The state’s highest court has affirmed the conviction of former Buffalo Chamber of Commerce CEO Angela Fox.
“The evidence showing Ms. Fox lacked authority to use the Chamber’s credit cards for personal purchases was more than sufficient to support the jury’s verdict,” the Wyoming Supreme Court wrote in a July 10 opinion.
In May 2019, Fox was found guilty on three counts of felony theft for making unauthorized personal charges on chamber credit cards. Those purchases include charges at a wedding boutique in Billings, Montana, and a ring from a jewelry store in Billings.
Judge William Edelman sentenced Fox in the Fourth Judicial District Court to two to five years in prison. Edelman suspended all but 90 days of the sentence and also ordered Fox to serve 10 years of unsupervised probation until restitution in the amount of $16,601 was paid to the chamber.
In January 2020, Fox appealed the conviction to the Wyoming Supreme Court. The appeal did not dispute that Fox used the chamber’s credit cards and received goods and services from third parties through the use of those cards. Instead, Fox argued that she charged items to credit cards that she was authorized to use, obligating the funds of the chamber, and the chamber then voluntarily parted with its money by signing the checks to pay the credit card bills.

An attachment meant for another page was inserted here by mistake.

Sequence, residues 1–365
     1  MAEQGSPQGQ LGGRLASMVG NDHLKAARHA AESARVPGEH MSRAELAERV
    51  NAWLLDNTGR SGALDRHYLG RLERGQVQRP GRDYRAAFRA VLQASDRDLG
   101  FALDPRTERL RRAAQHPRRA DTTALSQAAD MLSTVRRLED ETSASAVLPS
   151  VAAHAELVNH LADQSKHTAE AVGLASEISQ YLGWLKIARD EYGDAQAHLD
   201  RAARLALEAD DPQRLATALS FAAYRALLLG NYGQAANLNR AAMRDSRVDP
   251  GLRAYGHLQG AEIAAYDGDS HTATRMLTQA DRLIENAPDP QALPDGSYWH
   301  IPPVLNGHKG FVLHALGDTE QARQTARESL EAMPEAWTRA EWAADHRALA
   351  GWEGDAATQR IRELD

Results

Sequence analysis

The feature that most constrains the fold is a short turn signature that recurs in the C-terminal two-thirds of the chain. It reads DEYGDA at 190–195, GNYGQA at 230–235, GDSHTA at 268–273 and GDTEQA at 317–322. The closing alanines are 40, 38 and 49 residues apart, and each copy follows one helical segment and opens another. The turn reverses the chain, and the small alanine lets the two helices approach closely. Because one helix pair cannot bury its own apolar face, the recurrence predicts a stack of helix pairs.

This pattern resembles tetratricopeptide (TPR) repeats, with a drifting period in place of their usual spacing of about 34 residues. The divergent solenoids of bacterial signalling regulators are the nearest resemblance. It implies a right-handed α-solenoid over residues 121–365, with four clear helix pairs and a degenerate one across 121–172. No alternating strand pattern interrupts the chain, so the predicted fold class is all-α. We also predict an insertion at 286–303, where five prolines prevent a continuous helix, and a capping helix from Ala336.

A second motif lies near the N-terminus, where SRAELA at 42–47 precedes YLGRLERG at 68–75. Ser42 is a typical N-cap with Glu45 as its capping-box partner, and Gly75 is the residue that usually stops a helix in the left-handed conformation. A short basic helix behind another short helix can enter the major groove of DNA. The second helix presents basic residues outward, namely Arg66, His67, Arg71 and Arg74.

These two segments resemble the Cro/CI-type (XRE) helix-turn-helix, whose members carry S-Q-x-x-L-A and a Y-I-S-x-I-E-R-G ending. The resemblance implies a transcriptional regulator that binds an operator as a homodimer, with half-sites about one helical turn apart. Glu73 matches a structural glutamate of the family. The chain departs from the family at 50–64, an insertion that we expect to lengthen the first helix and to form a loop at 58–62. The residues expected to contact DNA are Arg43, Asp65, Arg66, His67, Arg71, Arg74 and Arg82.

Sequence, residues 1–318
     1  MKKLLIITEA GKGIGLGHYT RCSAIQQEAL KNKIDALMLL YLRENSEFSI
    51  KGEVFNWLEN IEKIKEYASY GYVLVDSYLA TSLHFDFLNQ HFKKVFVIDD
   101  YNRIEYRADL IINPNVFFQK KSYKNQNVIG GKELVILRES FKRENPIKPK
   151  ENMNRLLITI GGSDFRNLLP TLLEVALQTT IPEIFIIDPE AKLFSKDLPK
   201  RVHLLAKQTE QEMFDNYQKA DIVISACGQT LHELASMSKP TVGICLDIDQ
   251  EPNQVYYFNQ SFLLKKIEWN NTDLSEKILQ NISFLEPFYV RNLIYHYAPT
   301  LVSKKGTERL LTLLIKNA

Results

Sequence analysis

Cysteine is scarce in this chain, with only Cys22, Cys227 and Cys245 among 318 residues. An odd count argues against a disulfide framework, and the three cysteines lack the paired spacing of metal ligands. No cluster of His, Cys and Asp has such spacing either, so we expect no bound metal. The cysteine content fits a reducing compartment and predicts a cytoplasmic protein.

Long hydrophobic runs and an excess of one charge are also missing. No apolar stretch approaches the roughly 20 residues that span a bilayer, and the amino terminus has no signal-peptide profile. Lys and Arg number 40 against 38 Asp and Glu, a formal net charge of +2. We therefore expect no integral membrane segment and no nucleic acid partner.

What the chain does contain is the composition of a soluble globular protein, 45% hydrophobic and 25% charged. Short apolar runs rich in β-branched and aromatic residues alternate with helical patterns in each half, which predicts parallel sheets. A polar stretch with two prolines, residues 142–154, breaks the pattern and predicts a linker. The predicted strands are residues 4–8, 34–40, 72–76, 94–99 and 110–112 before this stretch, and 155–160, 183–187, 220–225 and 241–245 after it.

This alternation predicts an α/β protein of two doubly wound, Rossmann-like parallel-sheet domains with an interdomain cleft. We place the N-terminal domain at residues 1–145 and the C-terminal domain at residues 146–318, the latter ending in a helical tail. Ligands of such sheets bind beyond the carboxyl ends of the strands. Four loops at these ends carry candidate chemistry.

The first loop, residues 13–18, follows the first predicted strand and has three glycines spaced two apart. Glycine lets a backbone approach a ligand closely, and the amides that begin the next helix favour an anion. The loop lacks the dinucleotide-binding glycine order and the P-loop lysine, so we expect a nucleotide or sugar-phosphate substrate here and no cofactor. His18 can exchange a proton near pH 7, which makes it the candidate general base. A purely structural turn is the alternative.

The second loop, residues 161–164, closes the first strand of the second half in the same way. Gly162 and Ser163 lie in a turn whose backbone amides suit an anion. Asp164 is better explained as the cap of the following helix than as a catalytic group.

However, in its opinion, the court argued that the question of whether the chamber voluntarily parted with its property was immaterial to the case. Instead, the court said, “the jury simply needed to find that the Chamber never authorized Ms. Fox to use available credit on the two credit cards for personal purchases.”
The justices found plenty of evidence that Fox was not authorized to use the cards for personal purchases. Chamber board members Cindy Kremers and Jon Williams testified that Fox knew the chamber’s credit cards were to be used for chamber-related purchases only. Circumstantial evidence shows that Fox knew she was not using the cards properly as she repeatedly concealed her personal use of the cards by not maintaining monthly statements and falsifying the explanations of personal charges on QuickBooks.
“Sufficient evidence shows Ms. Fox exercised unauthorized control over the Chamber’s property,” the court ruled.